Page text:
Now that I have this knowledge, I feel that I must take action. Since the agencies have ignored me, I am going to higher levels of authorities. I am contacting embassies and the accrediting organizations for these agencies. And I will also start by calling them out by name, right here.
These are the agencies I know of who are facilitating illegal Tanzanian adoptions. Please avoid these agencies at all costs, for adoption from any country.
Little Miracles (Texas)
Joshua Tree (Florida)
Life Adoptions Services (California)A Love Beyond Borders (Colorado)
Faith International Adoptions (Washington)
If you are a parent considering inter-country adoption, please don't be scared off by this! There are still millions of children out there who need a family, and it is very possible to do this ethically. This is my advice:
1. Start your research with this blog: Parents for Ethical Adoption Reform. I recently learned about PEAR, and wish I had known about it sooner. For example, PEAR was sounding the warning bells about adoptions in Congo years before everything there started falling apart. That information could have spared many parents from incredible heartache. This blog is an invaluable resource for adoptive parents.
2. Research your agency well. Look for the details. Ask questions about their philosophy. Make sure they are Hague certified (though that fact alone doesn't guarantee anything, since all of the above agencies are Hague certified). Don't just go with the agency that seems cheapest or fastest.
3. Research adoption in the country you are interested in on your own--don't just depend on the information your agency gives you. Be very wary of countries who have "just opened up" or which are war-torn or suffering from a natural disaster. As much as those kids need homes, the country will rarely have the infrastructure in place to maintain ethical adoptions. For the sake of all the children in that country, don't be tempted by an adoption that bends the rules.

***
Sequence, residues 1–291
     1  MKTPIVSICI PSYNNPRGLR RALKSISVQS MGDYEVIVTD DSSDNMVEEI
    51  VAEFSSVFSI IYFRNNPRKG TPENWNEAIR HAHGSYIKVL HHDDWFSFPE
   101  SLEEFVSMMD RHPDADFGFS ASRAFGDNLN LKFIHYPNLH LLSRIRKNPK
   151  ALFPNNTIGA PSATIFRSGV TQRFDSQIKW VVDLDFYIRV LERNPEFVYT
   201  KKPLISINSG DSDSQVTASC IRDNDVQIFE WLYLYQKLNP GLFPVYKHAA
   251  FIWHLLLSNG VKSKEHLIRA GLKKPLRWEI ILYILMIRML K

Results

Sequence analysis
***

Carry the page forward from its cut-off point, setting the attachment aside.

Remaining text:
4. I believe that a child's need for a family trumps culture, so I would rather see a child in an American family than stuck in an orphanage in their own country. However, I do not believe that a child's need for a family trumps truth and justice. Children should not be adopted by breaking another country's laws. Adoption is no longer honorable when it fuels corruption.
This is an emotional subject. We are talking about children here--orphaned, vulnerable, often with special needs. Each child has a face and a name and a story. Adoption culture often emphasizes making a difference in the life of Just One. We can't fix the problem for all of them, so let's just focus on One. I get that mindset. It's significant.
But we can't see only the parts without stepping back and looking at the whole. What if, by focusing solely on the One, we make life a whole lot harder for Many? There must be a balance between making a difference in the life of that one child, and yet thinking about the bigger picture as well--the child's country and government and larger story.
Let's not allow brokenness to breed more brokenness. Let's be a part of the solution, not make the problem worse.